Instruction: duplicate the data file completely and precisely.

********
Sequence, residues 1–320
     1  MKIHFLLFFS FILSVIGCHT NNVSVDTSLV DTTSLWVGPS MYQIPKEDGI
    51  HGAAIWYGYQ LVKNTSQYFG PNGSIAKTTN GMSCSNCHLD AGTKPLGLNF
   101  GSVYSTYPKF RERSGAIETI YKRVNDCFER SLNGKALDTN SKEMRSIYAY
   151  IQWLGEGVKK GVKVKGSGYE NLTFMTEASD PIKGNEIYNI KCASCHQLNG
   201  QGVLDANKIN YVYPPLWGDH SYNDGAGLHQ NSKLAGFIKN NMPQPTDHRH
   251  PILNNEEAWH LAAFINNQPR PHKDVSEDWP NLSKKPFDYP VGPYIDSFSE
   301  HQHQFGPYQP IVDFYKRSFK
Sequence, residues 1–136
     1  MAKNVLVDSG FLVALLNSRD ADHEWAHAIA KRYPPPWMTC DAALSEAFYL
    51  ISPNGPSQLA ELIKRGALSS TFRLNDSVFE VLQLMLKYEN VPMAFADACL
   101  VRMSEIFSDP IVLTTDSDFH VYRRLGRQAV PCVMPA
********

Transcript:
Sequence, residues 1–320
     1  MKIHFLLFFS FILSVIGCHT NNVSVDTSLV DTTSLWVGPS MYQIPKEDGI
    51  HGAAIWYGYQ LVKNTSQYFG PNGSIAKTTN GMSCSNCHLD AGTKPLGLNF
   101  GSVYSTYPKF RERSGAIETI YKRVNDCFER SLNGKALDTN SKEMRSIYAY
   151  IQWLGEGVKK GVKVKGSGYE NLTFMTEASD PIKGNEIYNI KCASCHQLNG
   201  QGVLDANKIN YVYPPLWGDH SYNDGAGLHQ NSKLAGFIKN NMPQPTDHRH
   251  PILNNEEAWH LAAFINNQPR PHKDVSEDWP NLSKKPFDYP VGPYIDSFSE
   301  HQHQFGPYQP IVDFYKRSFK
Sequence, residues 1–136
     1  MAKNVLVDSG FLVALLNSRD ADHEWAHAIA KRYPPPWMTC DAALSEAFYL
    51  ISPNGPSQLA ELIKRGALSS TFRLNDSVFE VLQLMLKYEN VPMAFADACL
   101  VRMSEIFSDP IVLTTDSDFH VYRRLGRQAV PCVMPA